They raised five amazing children, who, along with their spouses, are some of the most compassionate and loving individuals I've ever met. There are 12 grandchildren, but for most of my younger years, there were just 6 of us, and we spent Sunday's at Nonna and Nonno's creating memories that we all cherish. Today there are 38 of us, including great-grandchildren, and to say we're a close family would be an understatement.

We will all miss hearing the tales of growing up in Rome in the 1930's and the mischief he would get into. We will never forget the sound of his flawless voice which rivaled Pavarotti's. And I think I speak for everyone in my family when I say that we all feel much heavier in the heart knowing that won't be able to sit down with him one more time - Nonno at the head of the table, keeping us all in line -  to enjoy a delicious meal cooked by my Nonna, and a couple glasses of wine.

I've certainly tackled the topic of death here on this blog: talking to children about it, facing our fear of it - but there is nothing more jarring then when you lose someone you love, no matter their age. Death is a reminder of how delicate and brief our time here truly is. It's a red flag, waving high, telling you to cherish every moment and use them wisely.

With all that in mind, I've decided to take a blogging break for the summer. I will be doing some writing for other blogs where I contribute, but on TCP there will be mostly radio silence.

For the months of July and August I'll be spending time with my boys and extended family, enjoying the summer sun. I'll also be working on creating and completing projects I have on the go. I will be writing the early mornings away, and I hope to have a completed book in my hands well before the leaves hit the ground.

I hope you have a great summer! Enjoy every moment friends!  If you want to keep in touch, shoot me an email or follow me on IG, Twitter. I'll follow you back!




The Role of Acceptance in Your Life + How to Implement it

Acceptance is powerful. So powerful, in fact, that I consider it one of the top five elements of a conscious perspective.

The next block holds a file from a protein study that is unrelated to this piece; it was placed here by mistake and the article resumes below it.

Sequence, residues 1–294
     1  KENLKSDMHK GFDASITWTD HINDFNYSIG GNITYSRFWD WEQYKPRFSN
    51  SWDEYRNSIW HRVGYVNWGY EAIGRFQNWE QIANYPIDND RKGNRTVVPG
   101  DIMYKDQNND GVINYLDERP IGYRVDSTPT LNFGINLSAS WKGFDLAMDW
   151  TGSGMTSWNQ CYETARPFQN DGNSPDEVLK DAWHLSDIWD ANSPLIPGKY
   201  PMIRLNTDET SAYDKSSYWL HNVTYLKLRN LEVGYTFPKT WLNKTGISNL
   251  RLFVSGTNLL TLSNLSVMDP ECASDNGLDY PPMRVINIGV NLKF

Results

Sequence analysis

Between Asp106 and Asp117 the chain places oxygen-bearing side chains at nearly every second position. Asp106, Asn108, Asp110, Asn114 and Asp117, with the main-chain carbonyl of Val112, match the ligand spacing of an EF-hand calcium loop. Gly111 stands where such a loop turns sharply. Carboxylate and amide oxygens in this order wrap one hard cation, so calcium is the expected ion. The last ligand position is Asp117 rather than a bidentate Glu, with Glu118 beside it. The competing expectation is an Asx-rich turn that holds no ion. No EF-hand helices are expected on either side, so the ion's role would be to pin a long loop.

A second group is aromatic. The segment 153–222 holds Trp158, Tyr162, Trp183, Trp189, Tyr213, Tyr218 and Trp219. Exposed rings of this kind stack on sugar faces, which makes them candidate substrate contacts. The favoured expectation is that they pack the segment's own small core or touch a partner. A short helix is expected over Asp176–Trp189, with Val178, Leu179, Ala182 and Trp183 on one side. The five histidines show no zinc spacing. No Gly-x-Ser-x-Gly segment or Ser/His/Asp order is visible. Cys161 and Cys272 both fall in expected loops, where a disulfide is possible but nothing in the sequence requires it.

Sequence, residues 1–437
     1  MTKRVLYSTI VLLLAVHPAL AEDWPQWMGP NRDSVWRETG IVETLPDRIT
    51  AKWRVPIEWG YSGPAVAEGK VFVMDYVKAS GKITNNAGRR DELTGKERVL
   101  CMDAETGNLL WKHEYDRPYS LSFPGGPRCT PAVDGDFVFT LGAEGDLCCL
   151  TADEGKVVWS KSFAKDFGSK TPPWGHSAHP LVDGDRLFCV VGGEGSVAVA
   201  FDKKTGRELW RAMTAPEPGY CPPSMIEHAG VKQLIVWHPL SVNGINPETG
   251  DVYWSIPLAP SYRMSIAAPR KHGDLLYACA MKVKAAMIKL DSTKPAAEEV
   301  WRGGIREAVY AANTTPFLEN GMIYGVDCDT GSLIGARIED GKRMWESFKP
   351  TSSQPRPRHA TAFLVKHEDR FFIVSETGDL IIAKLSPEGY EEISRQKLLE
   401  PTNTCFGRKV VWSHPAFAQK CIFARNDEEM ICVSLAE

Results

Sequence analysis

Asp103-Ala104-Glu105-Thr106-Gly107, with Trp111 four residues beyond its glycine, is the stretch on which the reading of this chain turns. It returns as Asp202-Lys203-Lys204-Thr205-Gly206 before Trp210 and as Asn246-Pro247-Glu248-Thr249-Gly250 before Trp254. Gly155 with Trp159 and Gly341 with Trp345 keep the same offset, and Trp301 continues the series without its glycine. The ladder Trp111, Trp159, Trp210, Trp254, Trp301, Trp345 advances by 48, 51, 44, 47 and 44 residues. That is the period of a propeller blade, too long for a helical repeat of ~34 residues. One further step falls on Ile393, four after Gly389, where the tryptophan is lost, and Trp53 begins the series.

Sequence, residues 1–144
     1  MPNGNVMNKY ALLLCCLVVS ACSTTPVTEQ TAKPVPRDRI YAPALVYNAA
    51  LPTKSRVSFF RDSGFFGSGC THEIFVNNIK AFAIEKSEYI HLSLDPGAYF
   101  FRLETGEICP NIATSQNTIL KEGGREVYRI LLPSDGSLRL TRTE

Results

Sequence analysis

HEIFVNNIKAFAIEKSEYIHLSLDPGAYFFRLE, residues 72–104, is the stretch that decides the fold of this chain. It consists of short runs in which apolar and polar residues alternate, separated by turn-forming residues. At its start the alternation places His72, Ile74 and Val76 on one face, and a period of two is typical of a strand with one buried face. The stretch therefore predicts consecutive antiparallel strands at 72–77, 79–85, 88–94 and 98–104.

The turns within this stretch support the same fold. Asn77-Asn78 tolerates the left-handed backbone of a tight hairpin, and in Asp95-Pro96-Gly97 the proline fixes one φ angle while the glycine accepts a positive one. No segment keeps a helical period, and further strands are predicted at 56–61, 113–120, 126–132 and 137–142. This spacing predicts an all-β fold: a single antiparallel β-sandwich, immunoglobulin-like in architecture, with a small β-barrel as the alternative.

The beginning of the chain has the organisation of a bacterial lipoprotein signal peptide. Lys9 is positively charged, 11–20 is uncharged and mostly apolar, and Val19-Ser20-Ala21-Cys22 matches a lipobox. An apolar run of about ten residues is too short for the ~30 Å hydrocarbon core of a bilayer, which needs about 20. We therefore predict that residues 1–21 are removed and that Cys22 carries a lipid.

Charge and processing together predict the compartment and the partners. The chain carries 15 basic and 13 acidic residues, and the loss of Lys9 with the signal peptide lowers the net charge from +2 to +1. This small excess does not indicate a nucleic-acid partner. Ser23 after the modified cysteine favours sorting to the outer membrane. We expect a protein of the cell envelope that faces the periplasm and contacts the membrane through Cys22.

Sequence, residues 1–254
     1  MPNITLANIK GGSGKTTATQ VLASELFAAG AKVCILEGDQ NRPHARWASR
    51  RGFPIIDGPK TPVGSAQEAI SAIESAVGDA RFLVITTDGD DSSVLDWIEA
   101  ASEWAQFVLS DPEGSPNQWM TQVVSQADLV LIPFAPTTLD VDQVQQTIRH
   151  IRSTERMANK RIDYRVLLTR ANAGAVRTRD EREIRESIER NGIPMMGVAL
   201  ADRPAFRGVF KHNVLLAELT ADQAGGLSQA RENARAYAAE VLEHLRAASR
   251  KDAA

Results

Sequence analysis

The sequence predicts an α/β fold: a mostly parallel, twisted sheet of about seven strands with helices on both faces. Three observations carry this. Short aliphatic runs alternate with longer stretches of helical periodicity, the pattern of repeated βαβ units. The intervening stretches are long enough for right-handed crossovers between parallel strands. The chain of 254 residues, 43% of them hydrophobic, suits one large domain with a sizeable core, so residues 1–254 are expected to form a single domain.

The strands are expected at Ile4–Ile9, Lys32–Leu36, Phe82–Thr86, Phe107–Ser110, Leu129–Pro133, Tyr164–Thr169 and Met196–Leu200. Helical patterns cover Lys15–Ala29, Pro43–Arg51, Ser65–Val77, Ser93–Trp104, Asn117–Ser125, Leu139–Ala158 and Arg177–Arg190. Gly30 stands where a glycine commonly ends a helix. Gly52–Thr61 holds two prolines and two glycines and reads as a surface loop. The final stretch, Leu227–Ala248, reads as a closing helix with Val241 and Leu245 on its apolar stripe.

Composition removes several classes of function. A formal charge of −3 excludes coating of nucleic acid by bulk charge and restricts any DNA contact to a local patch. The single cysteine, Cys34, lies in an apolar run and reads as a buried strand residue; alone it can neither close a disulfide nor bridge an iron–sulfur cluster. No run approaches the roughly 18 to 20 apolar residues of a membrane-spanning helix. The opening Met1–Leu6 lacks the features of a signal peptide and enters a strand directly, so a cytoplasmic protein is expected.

The more we hold on to something, whether it be a belief, a dream, an idea of how something should be, or a person  - the more power it holds over us and our own sense of well-being. It's only when we accept that it holds the power, that it can return to us. It's also a critical element in the search for inner peace: how can we have true peace without fully embracing all of the imperfections in life? If we don't we're still fighting.

The concept of acceptance is pretty straight forward, right? Like so many other things it's the implementation that is a challenge.

Just recently I had my own difficulty with implementing the concept. There was a situation that has been extremely frustrating to me for years, and as hard as I'd worked to accept it, it had always been this thorn in my side.

Then it hit me (and also broke my brain...): I needed to accept that I couldn't accept it.

Much like the first step in overcoming fear is calling it out by name - we need to treat acceptance the same.

It was really that simple. Admitting to myself that I couldn't accept the situation allowed me to lay the groundwork for healing to begin.  All of those years I was resisting this truth and I missed this critical first step of the process. (It's all a process isn't it?)


I've made it my mission this year to work on taking life less seriously, and I know a lot of you are trying too.  We're at this interesting point in our busy, over-scheduled, over-worked society that we actually need to consciously work toward living a less serious, more enjoyable life.

While all of this personal growth work is HARD work, it's also necessary to get to that less serious place. So onward we go. Dealing with each situation as it arises.


Is there any situation/dream/person/reality that you're having a hard time accepting?





Why is it So Hard to Change?

I'll be honest with you: some days I just want to bury my head in the proverbial sand and go back to the way I used to be. I want to un-conscious perspective myself. I want to walk around and not see things so clearly. I want to forget that I ever understood that my thoughts play a big role in shaping my present and future. I want to be the old Heidi that just wasn't so... conscious.

But then I remember that my pre-conscious perspective life wasn't so great.

I lived in fear. I had debilitating anxiety. I dealt with depression off and on for two decades. I didn't know what I wanted for my future. I attempted to self-actualize in unhealthy ways. And, I certainly wasn't happy.

So it was worth it. All of the work it took to get here was worth it. But change? It isn't easy to initiate and it isn't easy to maintain. The reasons?

1.) We have to really take a look at the dark parts of ourselves. Who want's to do that?

2.) We have to self-motivate in order to see the pay-off, and perseverance isn't exactly a trait associated with our generation.

3.) We become attached to our stories and beliefs, refusing to let them go - because, who would we be without them?

4.) We get into a habit of complaining, and we can't break the cycle.

I'm sure there are plenty more reasons, but these are the ones I both have experienced and have witnessed.

I suppose I was lucky, though that would have been the last word I would have used at the time. But, I was at the end of my rope - I got to that point that you hear all the spiritual teachers speak of - and I HAD to change. My life depended on it. Not changing was no longer an option. So I've put some time in, and I will continue to do so for the rest of my life - as much as I sometimes want to quit.